Analysis of “Eveline” by James Joyce and “Lamb to the Slaughter” by Roald Dahl

Last Updated: 20 Dec 2022
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'Eveline' and 'Lamb to the Slaughter'

The story Eveline interprets different meanings through foreshadowing, repetition, personification, irony and symbolism. James' Joyce uses language that makes the story full of emotion and weight. To convey passiveness and lifelessness, Joyce uses diction and syntax. In other words, his writing style is related to how we speak. When he uses syntax and diction, it expresses the theme of the story. We have the theme of recollection, responsibility, decisions, conflict, escape, censurability and paralysis. This short story explores the crucial life in Dublin. The lamb to the slaughter is another story that is of interest. It is written by Roald Dahl, but is narrated by Mary Maloney. Dahl uses irony, repetition and symbols in this story because he wants to ensure that there is meaning and emotion. When it comes to irony, Dahl aimed to make the readers stop and think about what the story is saying.

An example of foreshadowing is the line where it says, 'Eveline' stands alone, staring out a window." This foreshadows the last scene of the story. The writer used this technique to inform the audience that something surprising or important was about to happen later on in the story. Joyce used subtle hints, because he wanted to create suspense within the story and he didn't want to reveal the plot twist completely. He wanted to make the clues obvious enough, so that the audience would later on recall them. He used the foreshadowing technique earlier, because he wanted to create stronger affects in the story. He does this by understanding the purpose of this technique and knowing what the basic story is going to be all about. Dahl also creates a solid effect, so that he can allow the readers to cooperate with him, in order to put the pieces together in the story. This indicates the strong connection between the author and reader. It is crucial for the writer and reader to have a good relationship, because they may misunderstand what the sentences and words are trying to say, due to their personal experiences and values.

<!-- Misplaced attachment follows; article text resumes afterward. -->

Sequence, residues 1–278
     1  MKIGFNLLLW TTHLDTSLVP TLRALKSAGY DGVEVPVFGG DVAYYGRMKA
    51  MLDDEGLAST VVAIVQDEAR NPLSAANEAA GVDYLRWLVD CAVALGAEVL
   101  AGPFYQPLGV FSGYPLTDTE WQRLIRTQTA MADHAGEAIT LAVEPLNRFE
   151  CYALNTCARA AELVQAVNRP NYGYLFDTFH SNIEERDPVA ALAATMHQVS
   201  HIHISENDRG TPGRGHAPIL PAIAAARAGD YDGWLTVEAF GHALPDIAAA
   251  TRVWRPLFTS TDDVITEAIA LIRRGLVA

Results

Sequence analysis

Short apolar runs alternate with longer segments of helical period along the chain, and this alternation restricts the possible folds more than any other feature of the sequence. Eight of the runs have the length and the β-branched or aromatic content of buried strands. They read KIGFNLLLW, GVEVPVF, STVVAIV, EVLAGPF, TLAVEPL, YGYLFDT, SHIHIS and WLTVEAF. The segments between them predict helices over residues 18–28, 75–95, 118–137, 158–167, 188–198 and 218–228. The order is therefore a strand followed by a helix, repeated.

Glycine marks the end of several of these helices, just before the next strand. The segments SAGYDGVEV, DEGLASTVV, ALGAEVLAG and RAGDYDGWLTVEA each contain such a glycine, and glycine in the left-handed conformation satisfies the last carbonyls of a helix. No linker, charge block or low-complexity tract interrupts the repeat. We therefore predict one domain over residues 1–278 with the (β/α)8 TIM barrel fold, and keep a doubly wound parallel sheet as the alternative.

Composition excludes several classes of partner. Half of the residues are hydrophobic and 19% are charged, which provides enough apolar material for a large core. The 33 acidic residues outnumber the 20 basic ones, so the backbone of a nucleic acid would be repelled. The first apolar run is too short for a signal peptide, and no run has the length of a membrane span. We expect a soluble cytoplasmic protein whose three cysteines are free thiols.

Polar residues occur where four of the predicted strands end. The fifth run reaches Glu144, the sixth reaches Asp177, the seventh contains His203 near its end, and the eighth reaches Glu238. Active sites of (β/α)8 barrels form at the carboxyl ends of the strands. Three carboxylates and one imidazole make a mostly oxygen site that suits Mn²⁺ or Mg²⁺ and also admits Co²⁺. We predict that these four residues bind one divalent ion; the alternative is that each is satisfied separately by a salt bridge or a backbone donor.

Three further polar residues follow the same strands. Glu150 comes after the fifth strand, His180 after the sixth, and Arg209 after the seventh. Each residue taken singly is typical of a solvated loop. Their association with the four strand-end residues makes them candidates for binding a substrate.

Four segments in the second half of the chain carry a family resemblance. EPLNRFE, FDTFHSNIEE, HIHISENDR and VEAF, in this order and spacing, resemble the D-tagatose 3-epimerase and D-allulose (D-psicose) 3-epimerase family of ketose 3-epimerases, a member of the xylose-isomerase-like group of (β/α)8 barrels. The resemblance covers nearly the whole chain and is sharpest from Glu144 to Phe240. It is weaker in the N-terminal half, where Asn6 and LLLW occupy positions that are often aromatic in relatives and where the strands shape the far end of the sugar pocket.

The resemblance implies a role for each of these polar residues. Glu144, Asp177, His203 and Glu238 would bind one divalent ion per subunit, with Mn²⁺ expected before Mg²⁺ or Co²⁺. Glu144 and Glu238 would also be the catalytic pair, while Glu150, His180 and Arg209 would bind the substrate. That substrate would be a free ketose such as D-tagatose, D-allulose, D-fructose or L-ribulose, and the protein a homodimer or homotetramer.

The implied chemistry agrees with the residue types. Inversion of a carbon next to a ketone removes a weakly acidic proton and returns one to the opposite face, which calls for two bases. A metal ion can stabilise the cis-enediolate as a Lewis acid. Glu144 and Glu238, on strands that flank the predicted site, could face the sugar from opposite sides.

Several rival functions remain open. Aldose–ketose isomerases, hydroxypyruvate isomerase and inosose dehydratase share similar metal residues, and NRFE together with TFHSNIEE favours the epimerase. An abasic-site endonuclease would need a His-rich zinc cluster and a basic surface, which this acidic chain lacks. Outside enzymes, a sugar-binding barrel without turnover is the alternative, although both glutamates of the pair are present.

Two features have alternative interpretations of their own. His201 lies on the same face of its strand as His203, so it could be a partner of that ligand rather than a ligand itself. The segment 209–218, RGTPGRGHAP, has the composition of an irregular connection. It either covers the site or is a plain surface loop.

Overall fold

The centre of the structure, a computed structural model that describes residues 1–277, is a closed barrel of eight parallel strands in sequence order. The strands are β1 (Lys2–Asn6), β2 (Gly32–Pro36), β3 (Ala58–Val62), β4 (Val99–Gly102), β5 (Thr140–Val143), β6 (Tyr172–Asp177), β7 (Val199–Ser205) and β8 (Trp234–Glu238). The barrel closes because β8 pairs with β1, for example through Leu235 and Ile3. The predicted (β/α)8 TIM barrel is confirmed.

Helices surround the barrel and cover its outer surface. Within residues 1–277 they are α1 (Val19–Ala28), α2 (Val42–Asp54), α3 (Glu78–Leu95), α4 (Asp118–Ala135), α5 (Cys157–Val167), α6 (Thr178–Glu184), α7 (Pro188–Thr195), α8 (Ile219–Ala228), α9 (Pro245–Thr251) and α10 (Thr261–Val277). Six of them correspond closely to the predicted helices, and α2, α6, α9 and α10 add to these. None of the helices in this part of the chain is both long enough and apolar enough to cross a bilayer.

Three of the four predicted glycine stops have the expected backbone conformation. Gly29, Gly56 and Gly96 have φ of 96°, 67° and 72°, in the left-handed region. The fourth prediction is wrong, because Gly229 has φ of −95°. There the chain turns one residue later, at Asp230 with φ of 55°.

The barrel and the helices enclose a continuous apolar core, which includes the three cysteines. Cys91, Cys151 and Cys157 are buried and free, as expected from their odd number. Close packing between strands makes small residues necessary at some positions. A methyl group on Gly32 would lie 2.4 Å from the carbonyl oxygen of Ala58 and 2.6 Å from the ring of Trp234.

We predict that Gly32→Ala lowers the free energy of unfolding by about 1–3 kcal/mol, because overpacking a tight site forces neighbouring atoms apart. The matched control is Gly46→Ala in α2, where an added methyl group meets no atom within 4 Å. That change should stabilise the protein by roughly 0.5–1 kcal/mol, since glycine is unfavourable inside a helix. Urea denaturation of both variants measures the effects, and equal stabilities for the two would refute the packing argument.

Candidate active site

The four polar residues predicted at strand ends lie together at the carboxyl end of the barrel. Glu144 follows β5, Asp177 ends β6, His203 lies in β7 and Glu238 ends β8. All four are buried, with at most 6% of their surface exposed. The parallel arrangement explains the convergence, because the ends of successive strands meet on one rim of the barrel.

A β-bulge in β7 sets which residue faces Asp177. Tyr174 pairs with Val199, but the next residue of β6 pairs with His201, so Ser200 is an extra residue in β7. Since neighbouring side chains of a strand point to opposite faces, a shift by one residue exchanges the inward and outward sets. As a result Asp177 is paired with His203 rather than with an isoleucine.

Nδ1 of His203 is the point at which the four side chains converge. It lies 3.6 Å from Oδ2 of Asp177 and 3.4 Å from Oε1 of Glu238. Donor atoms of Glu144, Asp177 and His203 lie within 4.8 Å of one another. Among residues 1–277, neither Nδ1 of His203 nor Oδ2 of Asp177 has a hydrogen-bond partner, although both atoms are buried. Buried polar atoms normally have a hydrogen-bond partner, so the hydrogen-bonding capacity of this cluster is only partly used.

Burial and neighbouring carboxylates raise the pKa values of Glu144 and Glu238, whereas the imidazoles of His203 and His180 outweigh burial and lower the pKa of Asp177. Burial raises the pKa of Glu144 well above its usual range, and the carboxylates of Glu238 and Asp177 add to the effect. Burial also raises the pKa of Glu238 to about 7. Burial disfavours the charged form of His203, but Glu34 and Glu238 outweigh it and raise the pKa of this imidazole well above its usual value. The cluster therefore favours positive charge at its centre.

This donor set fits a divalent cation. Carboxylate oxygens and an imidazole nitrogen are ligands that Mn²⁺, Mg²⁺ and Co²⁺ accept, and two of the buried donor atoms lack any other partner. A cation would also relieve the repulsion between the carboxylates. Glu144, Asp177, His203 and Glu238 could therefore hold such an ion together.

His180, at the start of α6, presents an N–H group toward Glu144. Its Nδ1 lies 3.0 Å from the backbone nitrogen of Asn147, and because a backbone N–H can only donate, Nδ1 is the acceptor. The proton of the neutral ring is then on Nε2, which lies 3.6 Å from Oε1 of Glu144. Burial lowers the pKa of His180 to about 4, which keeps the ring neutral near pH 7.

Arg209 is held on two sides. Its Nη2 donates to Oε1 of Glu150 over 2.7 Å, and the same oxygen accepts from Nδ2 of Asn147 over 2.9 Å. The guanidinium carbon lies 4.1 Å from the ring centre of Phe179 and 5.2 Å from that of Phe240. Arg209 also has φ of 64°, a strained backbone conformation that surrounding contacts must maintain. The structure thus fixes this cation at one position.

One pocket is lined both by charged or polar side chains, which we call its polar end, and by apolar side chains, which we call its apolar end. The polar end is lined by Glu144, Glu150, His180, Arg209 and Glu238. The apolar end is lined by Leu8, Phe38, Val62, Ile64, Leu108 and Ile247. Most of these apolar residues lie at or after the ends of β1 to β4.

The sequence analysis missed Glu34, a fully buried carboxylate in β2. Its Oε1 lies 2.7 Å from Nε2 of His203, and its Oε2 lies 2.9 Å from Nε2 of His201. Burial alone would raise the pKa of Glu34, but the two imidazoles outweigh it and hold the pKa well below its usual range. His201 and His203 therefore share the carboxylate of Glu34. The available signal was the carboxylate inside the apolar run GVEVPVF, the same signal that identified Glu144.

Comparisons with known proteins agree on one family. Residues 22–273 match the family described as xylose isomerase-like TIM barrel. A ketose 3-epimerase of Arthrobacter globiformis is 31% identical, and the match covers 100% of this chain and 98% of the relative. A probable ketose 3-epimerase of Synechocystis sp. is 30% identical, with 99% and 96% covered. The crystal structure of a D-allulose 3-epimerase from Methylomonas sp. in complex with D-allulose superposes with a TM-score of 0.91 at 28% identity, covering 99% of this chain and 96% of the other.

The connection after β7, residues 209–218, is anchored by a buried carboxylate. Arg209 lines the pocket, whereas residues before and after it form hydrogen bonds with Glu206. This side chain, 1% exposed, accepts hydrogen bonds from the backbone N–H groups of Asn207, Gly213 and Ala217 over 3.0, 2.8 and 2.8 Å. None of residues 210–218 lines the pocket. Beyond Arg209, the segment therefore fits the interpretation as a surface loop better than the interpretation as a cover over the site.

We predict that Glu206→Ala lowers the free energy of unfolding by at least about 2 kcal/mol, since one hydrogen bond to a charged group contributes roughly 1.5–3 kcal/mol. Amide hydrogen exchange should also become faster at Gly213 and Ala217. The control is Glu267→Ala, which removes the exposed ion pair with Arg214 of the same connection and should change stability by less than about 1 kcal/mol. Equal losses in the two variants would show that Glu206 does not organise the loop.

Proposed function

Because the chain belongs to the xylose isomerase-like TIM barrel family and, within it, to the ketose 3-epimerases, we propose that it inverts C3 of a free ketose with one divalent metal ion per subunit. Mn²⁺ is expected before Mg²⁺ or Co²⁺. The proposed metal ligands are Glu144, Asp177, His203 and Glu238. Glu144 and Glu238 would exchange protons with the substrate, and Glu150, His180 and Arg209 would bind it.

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An example of repetition is when Eveline says that "Frank is going to save her." James Joyce used repetition to make us pay attention to a specific point of the story. It gives the audience a hint to focus more. Using repetitions gives important meaning depending on the types of circumstances. He used this technique properly, meaning that he used it when it was appropriate. He chose words that were imperative. He did not overuse repetition, because he knew that it would cause loose effects in the story. He used the repeated words in a way that would be remembered. He added repetition in a smart way so that it can emphasize the idea. When you use emphasis, it can add a reasonable tone. His work was engaging, because he created a rhythm by applying repetition. This is more likely to intrigue the audience. In the story 'Lamb to the Slaughter', Alliteration is also build through the repetition in the line "curtains were closed", and "lamp were lit." Dahl used the technique to make the audience concentrate on a certain part of the text. Atmosphere and theme is also created by this technique. To adopt this technique, Dahl thought of the subject he wanted to emphasize, he chose words that associated with the topic and he placed the words closely in the sentence.